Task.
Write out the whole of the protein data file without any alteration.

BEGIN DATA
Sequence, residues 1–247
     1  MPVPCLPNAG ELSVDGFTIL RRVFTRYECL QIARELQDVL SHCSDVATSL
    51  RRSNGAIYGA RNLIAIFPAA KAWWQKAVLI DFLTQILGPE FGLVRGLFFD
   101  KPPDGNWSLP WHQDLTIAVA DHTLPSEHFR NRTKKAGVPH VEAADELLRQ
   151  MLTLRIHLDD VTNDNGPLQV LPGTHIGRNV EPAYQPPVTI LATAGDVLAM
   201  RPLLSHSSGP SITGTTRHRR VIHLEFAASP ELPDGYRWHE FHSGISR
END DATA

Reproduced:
Sequence, residues 1–247
     1  MPVPCLPNAG ELSVDGFTIL RRVFTRYECL QIARELQDVL SHCSDVATSL
    51  RRSNGAIYGA RNLIAIFPAA KAWWQKAVLI DFLTQILGPE FGLVRGLFFD
   101  KPPDGNWSLP WHQDLTIAVA DHTLPSEHFR NRTKKAGVPH VEAADELLRQ
   151  MLTLRIHLDD VTNDNGPLQV LPGTHIGRNV EPAYQPPVTI LATAGDVLAM
   201  RPLLSHSSGP SITGTTRHRR VIHLEFAASP ELPDGYRWHE FHSGISR